County finds carbon monoxide issues at Key Landing
Wednesday, 24 April 2013 10:26

County says all 125 deficient units are fixed

by Ben Boehl

    All Chevera Brown wanted was a safe place to live. She claims she is not getting that.
    She and her family have been tenants at the Key Landing Apartments in West Inverness since 2009.
    Key Landing is owned by Silver Spring-based Southern Management Corp. Brown claims that management at the Dundalk office and at corporate headquarters did not get proper repairs done.   
    Things did not appear to be that bad, she said, until she discovered that she and her family had suffered carbon monoxide exposure.
    Brown said that family members kept having headaches and that she had a sinus infection that would not go away.
    She said she knew this winter was a rough flu season and at first blamed that for not being able to shake her illness.
    After having what she described as a massive headache, Brown went to the emergency room at Johns Hopkins Bayview Medical Center on Feb. 28 where, according to medical records she provided to The Eagle, doctors diagnosed her with carbon monoxide exposure.
   

“I thought my headache was from stress or the mold. It was a complete shock that it was carbon monoxide,” she said.
    When she returned home, she called in the Key Landing maintenance crew to fix the HVAC unit.
    Brown said that crews came out and fixed the leak with a rubber gasket, but another family member had similar symptoms and went to the emergency room at Franklin Square Medical Center on March 3.
    After it was confirmed he had carbon monoxide exposure, Brown said the management company did not properly fix the HVAC unit and she decided to call county authorities.    
    Lionel Van Dommelen, chief of code enforcement for Baltimore County, confirmed that Key Landing had multiple violations. The most serious issue was with carbon monoxide exposure in the utility rooms, he said.
    “They had carbon monoxide issues, and they needed to get a licensed gas fitter,” Van Dommelen said.
    The county did check all 504 units; roughly 125 were found to have some type of deficiency, including six with CO leaks, according to Van Dommelen.
    “Many of the PVC vent pipes were not glued, but that does not necessarily mean they were leaking. Six units showed CO leaks, but were still within safe limits,” Van Dommelen told The Eagle.
    The county ordered Key Landing to hire an outside contractor for the repairs and to have all the HVAC units checked.
    Brown also recalled that there appeared to be mold in her furnace room, and said that two pipes to the HVAC unit were not connected.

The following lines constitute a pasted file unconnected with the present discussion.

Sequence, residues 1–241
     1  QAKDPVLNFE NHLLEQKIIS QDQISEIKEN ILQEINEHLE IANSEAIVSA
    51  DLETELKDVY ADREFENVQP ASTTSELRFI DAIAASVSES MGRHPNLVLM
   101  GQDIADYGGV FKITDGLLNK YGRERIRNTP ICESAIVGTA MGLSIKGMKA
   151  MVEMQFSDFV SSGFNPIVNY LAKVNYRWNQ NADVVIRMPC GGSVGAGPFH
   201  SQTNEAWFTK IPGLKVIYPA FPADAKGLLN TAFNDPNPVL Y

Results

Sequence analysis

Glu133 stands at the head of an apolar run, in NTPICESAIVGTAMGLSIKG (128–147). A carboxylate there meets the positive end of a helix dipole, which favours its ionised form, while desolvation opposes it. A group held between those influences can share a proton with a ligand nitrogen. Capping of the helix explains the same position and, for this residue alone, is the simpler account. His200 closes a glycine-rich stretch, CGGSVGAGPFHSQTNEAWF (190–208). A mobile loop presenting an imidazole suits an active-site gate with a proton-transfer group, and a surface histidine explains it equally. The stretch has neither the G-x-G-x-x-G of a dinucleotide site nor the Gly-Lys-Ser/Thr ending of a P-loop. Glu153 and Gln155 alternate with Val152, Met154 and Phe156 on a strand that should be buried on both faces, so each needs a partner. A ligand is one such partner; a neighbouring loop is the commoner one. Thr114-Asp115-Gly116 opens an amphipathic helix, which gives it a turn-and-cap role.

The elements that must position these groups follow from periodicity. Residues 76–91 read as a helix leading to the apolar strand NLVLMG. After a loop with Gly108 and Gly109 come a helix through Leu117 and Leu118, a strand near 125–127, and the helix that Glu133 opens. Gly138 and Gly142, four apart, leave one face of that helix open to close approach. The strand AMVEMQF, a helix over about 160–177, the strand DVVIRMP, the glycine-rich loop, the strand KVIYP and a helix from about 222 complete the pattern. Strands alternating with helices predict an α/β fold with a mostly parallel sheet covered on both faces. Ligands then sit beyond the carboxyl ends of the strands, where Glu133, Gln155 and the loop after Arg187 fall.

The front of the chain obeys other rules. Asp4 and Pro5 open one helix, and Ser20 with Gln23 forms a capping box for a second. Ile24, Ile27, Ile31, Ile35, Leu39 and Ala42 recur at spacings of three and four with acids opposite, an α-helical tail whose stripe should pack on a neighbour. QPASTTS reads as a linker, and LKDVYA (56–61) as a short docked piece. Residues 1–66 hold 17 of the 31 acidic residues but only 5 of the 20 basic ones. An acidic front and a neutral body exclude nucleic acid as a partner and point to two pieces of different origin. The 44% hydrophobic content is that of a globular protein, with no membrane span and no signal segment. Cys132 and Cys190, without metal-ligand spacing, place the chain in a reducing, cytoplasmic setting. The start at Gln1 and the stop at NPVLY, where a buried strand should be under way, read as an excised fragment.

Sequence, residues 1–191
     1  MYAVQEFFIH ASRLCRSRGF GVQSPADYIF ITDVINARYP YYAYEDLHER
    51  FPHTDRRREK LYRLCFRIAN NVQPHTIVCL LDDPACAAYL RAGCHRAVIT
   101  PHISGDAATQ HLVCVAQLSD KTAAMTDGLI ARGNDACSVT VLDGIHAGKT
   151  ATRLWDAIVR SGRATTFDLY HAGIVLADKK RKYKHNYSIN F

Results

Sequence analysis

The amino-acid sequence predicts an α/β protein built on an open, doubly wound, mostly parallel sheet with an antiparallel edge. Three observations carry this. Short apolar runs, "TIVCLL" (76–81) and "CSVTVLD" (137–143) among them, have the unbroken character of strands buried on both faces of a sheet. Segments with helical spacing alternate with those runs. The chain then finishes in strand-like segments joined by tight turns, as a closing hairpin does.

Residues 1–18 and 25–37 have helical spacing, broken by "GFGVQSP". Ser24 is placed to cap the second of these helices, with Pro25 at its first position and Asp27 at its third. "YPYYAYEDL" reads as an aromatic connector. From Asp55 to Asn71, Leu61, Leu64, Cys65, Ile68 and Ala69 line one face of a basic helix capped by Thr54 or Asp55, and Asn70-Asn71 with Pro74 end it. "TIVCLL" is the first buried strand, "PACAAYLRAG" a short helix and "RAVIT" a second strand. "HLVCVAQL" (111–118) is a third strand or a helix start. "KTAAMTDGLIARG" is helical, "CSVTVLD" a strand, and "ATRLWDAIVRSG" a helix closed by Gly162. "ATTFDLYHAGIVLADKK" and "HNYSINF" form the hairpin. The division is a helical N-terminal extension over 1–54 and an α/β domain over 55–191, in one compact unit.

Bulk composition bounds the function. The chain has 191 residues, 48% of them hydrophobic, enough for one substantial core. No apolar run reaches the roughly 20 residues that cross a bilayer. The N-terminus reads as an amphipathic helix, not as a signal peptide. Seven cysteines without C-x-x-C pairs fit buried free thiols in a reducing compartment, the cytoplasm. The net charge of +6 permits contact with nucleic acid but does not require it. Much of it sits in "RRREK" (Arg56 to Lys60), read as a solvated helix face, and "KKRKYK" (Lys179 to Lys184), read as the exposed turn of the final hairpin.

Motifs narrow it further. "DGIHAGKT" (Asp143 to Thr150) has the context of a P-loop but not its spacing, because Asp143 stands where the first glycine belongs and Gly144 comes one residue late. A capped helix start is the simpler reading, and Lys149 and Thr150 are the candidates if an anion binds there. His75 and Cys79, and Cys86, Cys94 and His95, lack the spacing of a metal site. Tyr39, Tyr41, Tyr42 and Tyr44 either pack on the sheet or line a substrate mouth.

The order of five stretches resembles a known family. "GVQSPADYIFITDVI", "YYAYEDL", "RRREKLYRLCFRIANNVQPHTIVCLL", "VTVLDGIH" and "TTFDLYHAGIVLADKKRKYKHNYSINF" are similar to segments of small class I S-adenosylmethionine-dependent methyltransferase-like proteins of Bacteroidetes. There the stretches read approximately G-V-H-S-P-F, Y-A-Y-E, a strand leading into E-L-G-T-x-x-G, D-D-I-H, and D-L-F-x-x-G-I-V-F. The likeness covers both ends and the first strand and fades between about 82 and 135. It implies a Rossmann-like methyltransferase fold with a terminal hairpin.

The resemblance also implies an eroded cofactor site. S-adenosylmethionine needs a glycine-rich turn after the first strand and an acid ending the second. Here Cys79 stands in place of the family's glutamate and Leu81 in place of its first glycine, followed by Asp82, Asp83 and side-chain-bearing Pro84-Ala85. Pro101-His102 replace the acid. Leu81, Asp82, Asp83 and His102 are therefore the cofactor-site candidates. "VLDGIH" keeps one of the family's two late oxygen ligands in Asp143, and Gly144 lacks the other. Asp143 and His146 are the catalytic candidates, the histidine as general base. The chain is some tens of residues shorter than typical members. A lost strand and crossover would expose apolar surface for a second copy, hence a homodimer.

The county said no disconnected pipes were found, but Van Dommelen did confirm that mold was found in one unit.
    “Management was advised to get a certified abatement contractor to evaluate and abate,” Van Dommelen said.
    “Management replaced the wood flooring and they are waiting on the results of the mold test.”
    According to the county,  Key Landing was cooperative and avoided a $30,000 fine by getting the units repaired by the specified compliance date of April 10.
    The county will still investigate Key Landing, but Van Dommelen said all the deficient units have been repaired.
    “We will do spot checks,” he added.   
    Pam Martin, community relations director at Southern Management, acknowledged that there was an incident of carbon monoxide exposure but disputed Van Dommelen’s claim that over a quarter of the Key Landing units had deficiencies.
    “To my knowledge, we did not have to replace a quarter of the units. We had one resident unit [with carbon monoxide exposure],” Martin said.   
    Brown said she is upset with Southern Management and said she is fortunate that things did not get worse.   
    “Me, my children and my neighbors that I see every day, could have all died in here because they wouldn’t get an experienced licensed person to put in an HVAC unit,” Brown claimed. “They lied to me. When you enter a lease, you trust them with your belongings, your family and your life.”
    Asked why she did not  simply move somewhere else, Brown said it is not that easy to leave, since her son is a senior at Patapsco High School.
    She added that moving to a new residence would be costly and she could run into the same problems elsewhere.
    “That’s what they want you to do. They want to bully you so you will leave,” Brown said.
    “If you don’t stand up for yourself, it will continue no matter where you go. How far can you really run?”